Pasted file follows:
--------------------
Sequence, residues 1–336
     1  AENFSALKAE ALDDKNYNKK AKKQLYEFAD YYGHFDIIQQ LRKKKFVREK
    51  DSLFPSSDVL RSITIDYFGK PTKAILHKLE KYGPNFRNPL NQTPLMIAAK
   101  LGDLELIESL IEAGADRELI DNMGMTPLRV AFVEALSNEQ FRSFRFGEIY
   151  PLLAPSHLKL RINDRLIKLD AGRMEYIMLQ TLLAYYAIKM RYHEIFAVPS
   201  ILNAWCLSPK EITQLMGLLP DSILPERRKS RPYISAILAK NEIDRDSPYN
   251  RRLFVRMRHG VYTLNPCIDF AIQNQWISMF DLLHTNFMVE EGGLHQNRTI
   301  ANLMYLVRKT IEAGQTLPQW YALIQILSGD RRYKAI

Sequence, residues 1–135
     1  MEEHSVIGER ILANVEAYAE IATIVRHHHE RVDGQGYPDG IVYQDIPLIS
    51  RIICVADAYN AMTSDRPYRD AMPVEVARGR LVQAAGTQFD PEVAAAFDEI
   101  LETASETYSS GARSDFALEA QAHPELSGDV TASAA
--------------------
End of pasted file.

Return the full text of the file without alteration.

Sequence, residues 1–336
     1  AENFSALKAE ALDDKNYNKK AKKQLYEFAD YYGHFDIIQQ LRKKKFVREK
    51  DSLFPSSDVL RSITIDYFGK PTKAILHKLE KYGPNFRNPL NQTPLMIAAK
   101  LGDLELIESL IEAGADRELI DNMGMTPLRV AFVEALSNEQ FRSFRFGEIY
   151  PLLAPSHLKL RINDRLIKLD AGRMEYIMLQ TLLAYYAIKM RYHEIFAVPS
   201  ILNAWCLSPK EITQLMGLLP DSILPERRKS RPYISAILAK NEIDRDSPYN
   251  RRLFVRMRHG VYTLNPCIDF AIQNQWISMF DLLHTNFMVE EGGLHQNRTI
   301  ANLMYLVRKT IEAGQTLPQW YALIQILSGD RRYKAI

Sequence, residues 1–135
     1  MEEHSVIGER ILANVEAYAE IATIVRHHHE RVDGQGYPDG IVYQDIPLIS
    51  RIICVADAYN AMTSDRPYRD AMPVEVARGR LVQAAGTQFD PEVAAAFDEI
   101  LETASETYSS GARSDFALEA QAHPELSGDV TASAA